Tip theft is a significant problem for hospitality and food service workers. In New York State,, gratuities belong to employees. Managers, owners, and non-tipped workers are not entitled to a piece of tips even though employers often try to establish unlawful “tip pools” that employees must share. A tip pool is legal only when all of the workers involved are those who regularly receive tips. For instance, a valid tip pool in a restaurant may include food servers and bartenders but may not include the dishwasher or line cook.
New York allows an employer to “take” part of a tip in one situation; when a customer leaves a tip on a credit card, the employer is permitted to pro-rate the fee charged by the credit card company and deduct the comparable amount from the tip. This money is not going to the employer, it is technically going to the credit card company.
An employee protection somewhat unique to hospitality workers in New York and Long Island is that any service charge added to a bill, is presumed to be a tip and belongs to the worker. Only if the customer receives explicit notification that the service worker will not be the recipient of the money, can the employer take the gratuity.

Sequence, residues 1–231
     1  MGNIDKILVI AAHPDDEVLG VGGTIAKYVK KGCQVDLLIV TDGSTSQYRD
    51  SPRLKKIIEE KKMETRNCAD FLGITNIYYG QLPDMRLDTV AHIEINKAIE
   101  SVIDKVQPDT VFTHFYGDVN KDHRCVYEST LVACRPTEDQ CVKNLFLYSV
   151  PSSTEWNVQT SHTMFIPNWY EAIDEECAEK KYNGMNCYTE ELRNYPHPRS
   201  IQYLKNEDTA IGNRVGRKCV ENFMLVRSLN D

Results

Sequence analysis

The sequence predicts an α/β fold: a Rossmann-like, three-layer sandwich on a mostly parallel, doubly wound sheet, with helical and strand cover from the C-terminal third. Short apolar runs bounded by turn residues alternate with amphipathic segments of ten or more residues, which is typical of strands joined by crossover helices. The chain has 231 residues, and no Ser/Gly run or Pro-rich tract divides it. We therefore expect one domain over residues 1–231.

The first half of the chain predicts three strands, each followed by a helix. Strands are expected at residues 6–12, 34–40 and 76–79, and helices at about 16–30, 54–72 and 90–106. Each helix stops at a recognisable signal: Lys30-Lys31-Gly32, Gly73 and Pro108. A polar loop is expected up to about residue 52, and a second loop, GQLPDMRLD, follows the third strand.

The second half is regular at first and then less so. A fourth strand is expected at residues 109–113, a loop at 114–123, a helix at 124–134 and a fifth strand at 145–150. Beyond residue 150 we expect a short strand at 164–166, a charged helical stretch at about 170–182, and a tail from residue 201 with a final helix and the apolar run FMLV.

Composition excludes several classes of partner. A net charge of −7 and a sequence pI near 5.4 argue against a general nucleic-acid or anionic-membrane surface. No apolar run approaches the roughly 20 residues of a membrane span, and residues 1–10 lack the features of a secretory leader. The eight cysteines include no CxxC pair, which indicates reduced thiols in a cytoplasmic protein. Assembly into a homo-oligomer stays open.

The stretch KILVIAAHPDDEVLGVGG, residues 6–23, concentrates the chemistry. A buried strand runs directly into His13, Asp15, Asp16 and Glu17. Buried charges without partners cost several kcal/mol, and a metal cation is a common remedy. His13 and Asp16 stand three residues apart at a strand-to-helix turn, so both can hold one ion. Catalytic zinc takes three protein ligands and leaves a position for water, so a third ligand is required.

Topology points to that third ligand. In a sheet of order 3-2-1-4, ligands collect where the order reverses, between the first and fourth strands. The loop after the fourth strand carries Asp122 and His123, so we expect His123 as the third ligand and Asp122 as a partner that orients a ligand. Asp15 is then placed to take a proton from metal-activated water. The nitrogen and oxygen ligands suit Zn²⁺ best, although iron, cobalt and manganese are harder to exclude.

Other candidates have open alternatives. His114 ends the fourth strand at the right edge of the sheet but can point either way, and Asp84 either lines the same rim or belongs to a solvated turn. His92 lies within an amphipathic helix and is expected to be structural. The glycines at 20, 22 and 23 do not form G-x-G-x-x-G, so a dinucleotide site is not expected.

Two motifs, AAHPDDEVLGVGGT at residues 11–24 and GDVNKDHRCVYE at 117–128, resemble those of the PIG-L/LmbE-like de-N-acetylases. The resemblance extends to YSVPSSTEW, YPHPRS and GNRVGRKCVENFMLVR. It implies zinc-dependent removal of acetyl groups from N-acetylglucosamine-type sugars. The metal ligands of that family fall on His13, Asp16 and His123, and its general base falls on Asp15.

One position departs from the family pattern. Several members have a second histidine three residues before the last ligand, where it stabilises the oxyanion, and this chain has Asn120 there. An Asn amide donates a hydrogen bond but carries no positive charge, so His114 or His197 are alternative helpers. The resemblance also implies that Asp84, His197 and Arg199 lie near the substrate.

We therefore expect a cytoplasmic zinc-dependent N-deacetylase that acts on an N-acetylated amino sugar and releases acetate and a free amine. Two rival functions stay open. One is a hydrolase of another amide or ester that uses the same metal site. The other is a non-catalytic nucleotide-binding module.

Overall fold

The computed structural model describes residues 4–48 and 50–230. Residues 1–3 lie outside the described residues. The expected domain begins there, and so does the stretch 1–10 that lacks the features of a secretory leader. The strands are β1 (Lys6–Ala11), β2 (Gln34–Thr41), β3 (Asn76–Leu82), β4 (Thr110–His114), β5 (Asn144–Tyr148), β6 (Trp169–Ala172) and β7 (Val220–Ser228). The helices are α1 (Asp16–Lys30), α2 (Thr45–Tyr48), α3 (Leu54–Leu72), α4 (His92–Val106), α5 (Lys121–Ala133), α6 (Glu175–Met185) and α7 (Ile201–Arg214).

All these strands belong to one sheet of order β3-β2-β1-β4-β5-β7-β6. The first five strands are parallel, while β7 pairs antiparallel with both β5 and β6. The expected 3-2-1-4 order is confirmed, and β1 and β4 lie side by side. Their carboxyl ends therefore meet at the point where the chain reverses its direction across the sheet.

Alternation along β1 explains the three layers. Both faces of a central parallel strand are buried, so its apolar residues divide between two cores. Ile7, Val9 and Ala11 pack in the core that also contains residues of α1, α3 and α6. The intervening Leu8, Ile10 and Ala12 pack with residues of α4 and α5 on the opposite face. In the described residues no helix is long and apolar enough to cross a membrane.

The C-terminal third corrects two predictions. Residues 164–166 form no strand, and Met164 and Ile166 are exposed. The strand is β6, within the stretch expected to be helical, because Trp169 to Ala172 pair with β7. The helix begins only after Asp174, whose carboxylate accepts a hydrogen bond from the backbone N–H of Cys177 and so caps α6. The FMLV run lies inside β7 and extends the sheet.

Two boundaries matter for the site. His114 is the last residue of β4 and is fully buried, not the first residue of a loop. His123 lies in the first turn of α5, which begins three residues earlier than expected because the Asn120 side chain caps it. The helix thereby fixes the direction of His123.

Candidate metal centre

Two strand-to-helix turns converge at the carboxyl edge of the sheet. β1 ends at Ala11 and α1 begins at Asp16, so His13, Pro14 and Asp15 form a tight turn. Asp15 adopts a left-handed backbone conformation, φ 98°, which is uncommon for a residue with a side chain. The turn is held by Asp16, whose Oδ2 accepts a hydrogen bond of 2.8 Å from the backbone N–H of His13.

Also, there are tip-credit rules that allow companies to pay tipped workers less than minimum wage for their hourly rate. The formula for this can be confusing, and employers often end up applying tip credits improperly and paying workers less than what is legally required.
There are endless ways that employers underpay workers. Sometimes it is by blatantly violating the overtime rules of the FLSA or refusing to turn over tips that are legally part of wages. Other times it may by refusing to pay for the 15 minutes you are required to spend on the business premises getting ready for work. No matter how small the amount may seem, even minimal withholdings of earnings add up.
You may want to try to resolve a small problem by speaking with your supervisor, human resources or payroll department first. It is possible there was an innocent oversight or clerical error and the problem can be rectified easily. If there are formal company procedures you must follow, be sure to do so.
If you and your employer cannot resolve the issues, consider contacting Leeds Brown, experienced unpaid wage attorneys representing clients on Long Island, throughout New York and across the nation. You have rights to the money you earn, and we can help you enforce them. We can also assist you if your employer retaliates against you in any way as a result of your unpaid wage claim, such as by demoting or firing you or stealing additional wages.
We have decades of experience protecting employees’ rights in unpaid wage, unpaid overtime, and tip-theft claims. Contact us for additional information and to find out if you have a valid claim against your employer. You can reach Long Island unpaid wage lawyers at 1-800-555-4658 24/7.